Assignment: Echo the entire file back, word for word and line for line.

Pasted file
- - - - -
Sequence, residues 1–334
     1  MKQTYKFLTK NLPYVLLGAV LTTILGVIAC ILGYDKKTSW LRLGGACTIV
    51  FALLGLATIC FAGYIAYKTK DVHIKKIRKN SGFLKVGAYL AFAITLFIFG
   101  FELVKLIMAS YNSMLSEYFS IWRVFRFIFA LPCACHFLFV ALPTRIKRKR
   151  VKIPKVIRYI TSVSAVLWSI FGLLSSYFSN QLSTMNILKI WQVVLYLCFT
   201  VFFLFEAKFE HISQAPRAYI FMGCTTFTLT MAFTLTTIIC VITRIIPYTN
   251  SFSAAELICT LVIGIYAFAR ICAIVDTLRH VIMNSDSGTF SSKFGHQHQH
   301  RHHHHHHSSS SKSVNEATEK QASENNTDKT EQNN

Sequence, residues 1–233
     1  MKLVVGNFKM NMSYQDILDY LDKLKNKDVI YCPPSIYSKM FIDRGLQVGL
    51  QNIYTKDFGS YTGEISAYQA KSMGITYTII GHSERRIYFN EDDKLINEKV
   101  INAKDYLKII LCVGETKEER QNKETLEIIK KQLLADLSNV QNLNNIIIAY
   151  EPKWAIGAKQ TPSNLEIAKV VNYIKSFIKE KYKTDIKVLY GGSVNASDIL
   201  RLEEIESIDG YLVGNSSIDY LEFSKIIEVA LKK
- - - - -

Sequence, residues 1–334
     1  MKQTYKFLTK NLPYVLLGAV LTTILGVIAC ILGYDKKTSW LRLGGACTIV
    51  FALLGLATIC FAGYIAYKTK DVHIKKIRKN SGFLKVGAYL AFAITLFIFG
   101  FELVKLIMAS YNSMLSEYFS IWRVFRFIFA LPCACHFLFV ALPTRIKRKR
   151  VKIPKVIRYI TSVSAVLWSI FGLLSSYFSN QLSTMNILKI WQVVLYLCFT
   201  VFFLFEAKFE HISQAPRAYI FMGCTTFTLT MAFTLTTIIC VITRIIPYTN
   251  SFSAAELICT LVIGIYAFAR ICAIVDTLRH VIMNSDSGTF SSKFGHQHQH
   301  RHHHHHHSSS SKSVNEATEK QASENNTDKT EQNN

Sequence, residues 1–233
     1  MKLVVGNFKM NMSYQDILDY LDKLKNKDVI YCPPSIYSKM FIDRGLQVGL
    51  QNIYTKDFGS YTGEISAYQA KSMGITYTII GHSERRIYFN EDDKLINEKV
   101  INAKDYLKII LCVGETKEER QNKETLEIIK KQLLADLSNV QNLNNIIIAY
   151  EPKWAIGAKQ TPSNLEIAKV VNYIKSFIKE KYKTDIKVLY GGSVNASDIL
   201  RLEEIESIDG YLVGNSSIDY LEFSKIIEVA LKK